4. The normalization of going through each other’s phones & constantly surveilling your partner isn’t caring for them, it is teaching them that their privacy and personal boundaries are not important.

I want to repeat that it is NOT cute to force your partner to give you their phone, their passcode, or to go through their messages. This was an action I definitely needed to work through and unlearn. It is a question of trust that requires a conversation around why you don’t feel you can trust them, and it is a question of insecurity that generally revolves around cheating.

Through having my actions surveilled (such as being forced to send pictures and videos of where I was, having my partner show up without me knowing, and having them go through my phone, computer and social media accounts) it impacted me making new friends and it took away my outlet of being able to talk about my relationship.

5. The feeling of needing to “walk on eggshells” to not anger your partner will translate into all of your relationships & it will take years for you to regain confidence and the ability to discuss your feelings.

I still break down crying when people raise their voices or yell.

I am still working on truthfully communicating my feelings to others.

I am still unlearning that I cannot predict someone else’s feelings or actions.

I am still learning to take up space.

6. You shouldn’t have sex until you are comfortable talking about it and your own pleasure first.

Further, you don’t need to tell your partner exactly how many people you have slept with, you don’t need to comply to sex acts that you don’t feel comfortable with, having a partner take pictures and videos of you during sex without your consent is abuse, talking about consent also requires consent for the conversation to happen.

It wasn’t until I was 19/20 that I had a conversation with someone about what I wanted during sex. I am 24 now and I still have a hard time having these conversations with partners.

I have had over 100 sexual partners and I have not been able to communicate about my own desires. I have used sex as a bad coping mechanism to feel desired by others. I have kept my sex life very secret from friends because I am ashamed to talk openly about sex.

I couldn’t truthfully answer if I think I actually enjoy having sex.

Sex is generally painful and I have often vomited and cried after.

All of these are reasons why I wrote this long article about asexuality and painful sex.

This is all to say I wish I could have had the power to wait, I wish that so many people would have listened when I said no, I wish that friends and partners could have respected my boundaries.

7. If someone is forcing you to tell your story of abuse, they are not listening to support you they are listening for their own personal gain. You don’t owe anyone your story. You are not their #inspirationporn.

That’s it. Bold, highlight, 28 point font this, retweet/repost, print this on a billboard sign.

8. If they don’t want to meet your friends and family, or after they meet them only have negative things to say this is the start of them isolating you.

Is this an absolute? Potentially not, because you might have a great romantic relationship and a harmful relationship with your parents or friends. However, in all of my abusive relationships their negative comments and feelings towards my friends and family started small and eventually grew into “I don’t want to see X anymore” “you shouldn’t be their friend anymore” or “but can’t we just spend the day/weekend together?” To “you can’t talk to X anymore” or them deleting people’s contact information out of my phone or deleting them off of my social media. These are all attempts, conscious or not, to isolate you and remove people from your life.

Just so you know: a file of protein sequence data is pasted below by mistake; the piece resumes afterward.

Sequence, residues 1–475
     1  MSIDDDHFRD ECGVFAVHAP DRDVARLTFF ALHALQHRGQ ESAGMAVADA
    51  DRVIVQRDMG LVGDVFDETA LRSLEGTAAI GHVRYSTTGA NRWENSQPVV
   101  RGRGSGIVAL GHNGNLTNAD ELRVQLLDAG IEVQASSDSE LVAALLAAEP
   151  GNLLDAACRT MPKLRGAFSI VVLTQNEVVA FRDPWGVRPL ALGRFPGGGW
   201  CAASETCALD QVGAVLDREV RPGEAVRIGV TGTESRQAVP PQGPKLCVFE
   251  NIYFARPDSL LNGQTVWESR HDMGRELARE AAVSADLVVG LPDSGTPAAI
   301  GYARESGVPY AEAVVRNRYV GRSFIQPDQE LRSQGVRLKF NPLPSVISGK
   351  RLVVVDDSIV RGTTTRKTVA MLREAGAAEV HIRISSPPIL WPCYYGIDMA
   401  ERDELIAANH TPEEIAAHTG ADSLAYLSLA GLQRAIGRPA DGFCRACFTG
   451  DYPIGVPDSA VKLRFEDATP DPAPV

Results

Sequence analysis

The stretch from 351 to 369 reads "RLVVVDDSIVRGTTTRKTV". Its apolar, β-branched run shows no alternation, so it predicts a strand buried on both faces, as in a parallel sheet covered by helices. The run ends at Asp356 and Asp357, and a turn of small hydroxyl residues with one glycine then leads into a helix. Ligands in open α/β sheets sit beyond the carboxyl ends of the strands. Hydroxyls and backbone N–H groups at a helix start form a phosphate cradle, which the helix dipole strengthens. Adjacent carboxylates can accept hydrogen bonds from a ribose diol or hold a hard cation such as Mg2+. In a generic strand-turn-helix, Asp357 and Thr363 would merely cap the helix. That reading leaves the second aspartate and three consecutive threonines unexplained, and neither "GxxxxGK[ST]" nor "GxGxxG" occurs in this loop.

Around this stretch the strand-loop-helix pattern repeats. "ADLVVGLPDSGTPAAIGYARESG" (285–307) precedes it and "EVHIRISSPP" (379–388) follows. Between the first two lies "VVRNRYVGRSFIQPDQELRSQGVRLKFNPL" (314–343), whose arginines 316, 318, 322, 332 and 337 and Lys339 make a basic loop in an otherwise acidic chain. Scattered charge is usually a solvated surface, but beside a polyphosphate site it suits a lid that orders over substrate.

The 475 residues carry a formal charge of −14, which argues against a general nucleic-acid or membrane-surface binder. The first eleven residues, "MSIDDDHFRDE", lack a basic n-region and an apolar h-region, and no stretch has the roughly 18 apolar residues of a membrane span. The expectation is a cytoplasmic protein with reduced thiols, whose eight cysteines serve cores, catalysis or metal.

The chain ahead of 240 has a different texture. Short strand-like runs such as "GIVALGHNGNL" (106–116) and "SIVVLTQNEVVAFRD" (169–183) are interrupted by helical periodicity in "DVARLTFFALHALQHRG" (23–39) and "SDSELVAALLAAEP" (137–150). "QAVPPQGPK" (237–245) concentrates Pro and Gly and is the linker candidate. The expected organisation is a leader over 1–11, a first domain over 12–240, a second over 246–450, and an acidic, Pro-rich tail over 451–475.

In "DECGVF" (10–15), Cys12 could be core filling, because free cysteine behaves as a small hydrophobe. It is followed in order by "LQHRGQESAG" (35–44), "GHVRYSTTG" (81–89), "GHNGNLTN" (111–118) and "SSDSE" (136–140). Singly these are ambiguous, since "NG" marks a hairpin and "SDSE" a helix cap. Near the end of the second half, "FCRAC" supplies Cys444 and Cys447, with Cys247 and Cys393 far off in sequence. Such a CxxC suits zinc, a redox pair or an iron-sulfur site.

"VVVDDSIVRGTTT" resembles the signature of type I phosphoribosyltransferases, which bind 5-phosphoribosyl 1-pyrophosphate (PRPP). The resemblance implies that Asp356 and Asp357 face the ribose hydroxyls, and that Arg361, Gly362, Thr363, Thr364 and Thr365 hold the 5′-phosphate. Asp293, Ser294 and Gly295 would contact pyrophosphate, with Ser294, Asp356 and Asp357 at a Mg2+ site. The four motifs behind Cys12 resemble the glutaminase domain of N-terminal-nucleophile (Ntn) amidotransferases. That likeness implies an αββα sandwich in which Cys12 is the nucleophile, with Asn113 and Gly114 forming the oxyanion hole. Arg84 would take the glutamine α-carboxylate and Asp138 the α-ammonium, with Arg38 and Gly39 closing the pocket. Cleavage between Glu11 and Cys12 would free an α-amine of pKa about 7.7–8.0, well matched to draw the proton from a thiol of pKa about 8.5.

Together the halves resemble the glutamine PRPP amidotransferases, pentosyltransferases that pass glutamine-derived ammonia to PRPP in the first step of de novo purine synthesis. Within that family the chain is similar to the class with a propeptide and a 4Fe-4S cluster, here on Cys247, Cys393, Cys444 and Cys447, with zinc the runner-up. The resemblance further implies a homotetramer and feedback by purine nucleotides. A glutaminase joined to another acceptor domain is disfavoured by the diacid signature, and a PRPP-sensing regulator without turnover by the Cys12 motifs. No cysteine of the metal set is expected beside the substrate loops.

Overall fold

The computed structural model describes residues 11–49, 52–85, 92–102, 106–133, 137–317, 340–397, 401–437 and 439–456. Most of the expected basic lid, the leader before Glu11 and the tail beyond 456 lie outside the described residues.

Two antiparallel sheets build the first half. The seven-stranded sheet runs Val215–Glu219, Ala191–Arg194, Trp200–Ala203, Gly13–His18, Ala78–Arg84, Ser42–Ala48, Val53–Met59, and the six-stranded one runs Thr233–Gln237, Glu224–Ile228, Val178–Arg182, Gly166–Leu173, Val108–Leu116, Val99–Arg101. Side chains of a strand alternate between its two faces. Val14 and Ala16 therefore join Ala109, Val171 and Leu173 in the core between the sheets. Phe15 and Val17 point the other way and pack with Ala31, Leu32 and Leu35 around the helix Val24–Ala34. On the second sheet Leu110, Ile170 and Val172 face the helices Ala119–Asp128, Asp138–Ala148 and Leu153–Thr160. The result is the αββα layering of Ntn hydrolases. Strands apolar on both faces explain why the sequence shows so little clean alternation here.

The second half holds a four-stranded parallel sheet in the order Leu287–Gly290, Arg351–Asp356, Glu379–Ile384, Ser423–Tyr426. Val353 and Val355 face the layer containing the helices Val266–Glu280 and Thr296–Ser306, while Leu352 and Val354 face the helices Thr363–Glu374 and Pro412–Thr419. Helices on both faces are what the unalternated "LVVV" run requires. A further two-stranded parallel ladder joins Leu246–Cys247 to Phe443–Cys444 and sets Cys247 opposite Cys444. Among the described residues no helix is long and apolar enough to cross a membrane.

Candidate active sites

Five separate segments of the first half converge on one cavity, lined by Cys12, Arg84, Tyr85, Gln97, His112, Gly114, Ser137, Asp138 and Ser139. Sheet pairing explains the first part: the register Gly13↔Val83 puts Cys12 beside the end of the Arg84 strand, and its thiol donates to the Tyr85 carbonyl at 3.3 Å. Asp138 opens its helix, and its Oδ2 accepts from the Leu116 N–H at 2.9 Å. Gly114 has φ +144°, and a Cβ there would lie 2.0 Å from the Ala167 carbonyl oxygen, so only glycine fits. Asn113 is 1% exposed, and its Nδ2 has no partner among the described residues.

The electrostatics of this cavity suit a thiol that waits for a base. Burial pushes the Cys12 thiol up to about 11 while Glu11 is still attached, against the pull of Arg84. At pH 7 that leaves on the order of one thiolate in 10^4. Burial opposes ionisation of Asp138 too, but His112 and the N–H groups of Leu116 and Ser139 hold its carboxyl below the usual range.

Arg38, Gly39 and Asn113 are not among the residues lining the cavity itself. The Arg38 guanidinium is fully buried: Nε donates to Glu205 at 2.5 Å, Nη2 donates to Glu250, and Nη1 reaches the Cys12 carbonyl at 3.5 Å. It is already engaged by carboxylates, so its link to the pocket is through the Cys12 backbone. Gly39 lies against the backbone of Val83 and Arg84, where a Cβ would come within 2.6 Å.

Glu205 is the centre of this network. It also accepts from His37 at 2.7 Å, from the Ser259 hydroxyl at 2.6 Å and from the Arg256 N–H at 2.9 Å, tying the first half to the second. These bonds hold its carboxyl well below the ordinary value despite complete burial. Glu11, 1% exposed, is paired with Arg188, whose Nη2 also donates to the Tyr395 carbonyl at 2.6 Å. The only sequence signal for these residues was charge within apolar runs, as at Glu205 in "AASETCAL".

The isolation and loneliness is one of the hardest part of being in a domestically abusive relationship. The only person you talk to and trust is also the person harming you.   

9. Your partner should never get to make your reproductive choices for you. It is not romantic for them to want to “get you pregnant.” It is not their decision whether or not you are on birth control.  

Reproductive abuse is a form of sexual abuse, and it is also not discussed enough in relation to domestic violence. At 18, at 19, at 20, at 21 at 22 I was not ready nor did I ever want to have children. Yet I had partner’s consistently push this narrative, as well as unsafe sex practices onto me such as: hiding and throwing away my birth control, having sex without using any protection, and repeating/threatening that I needed to get pregnant.

Pregnancy is a way for you to remain tied to your abuser and a way for them to stay in contact with you. It is also a way that many people feel they can “fix” their relationships. These are choices only you can make about your body and your future.

10. Comments about your appearance, weight, style etc. are rarely actually about any of those aspects of you, rather, they are ways of decreasing your self confidence and increasing the feeling that you need them in your life.

You’re too fat, you’re too skinny, if you don’t shave your armpits I won’t be attracted to you anymore, you need to dress better, why are you dressed like a slut, you never dress up for me, you’re ugly you’re ugly you’re ugly, no one else will want you.

The fact that these insults would contradict one another, oftentimes within the same argument became an indication that this was never about my actual appearance. These comments were ways for them to tear me down, so I would feel like I needed them more when they complimented me.

11. Abusers will all too often never actually “apologize” but instead will perform being upset about being a “bad person.” This is a way to make you care for them, and a way to switch the conversation from the harm they did to how being confronted about it hurt them.

Read this. And then read it again.

Listen to their words to understand if they are actually apologizing or trying to center their own feelings in the conversation.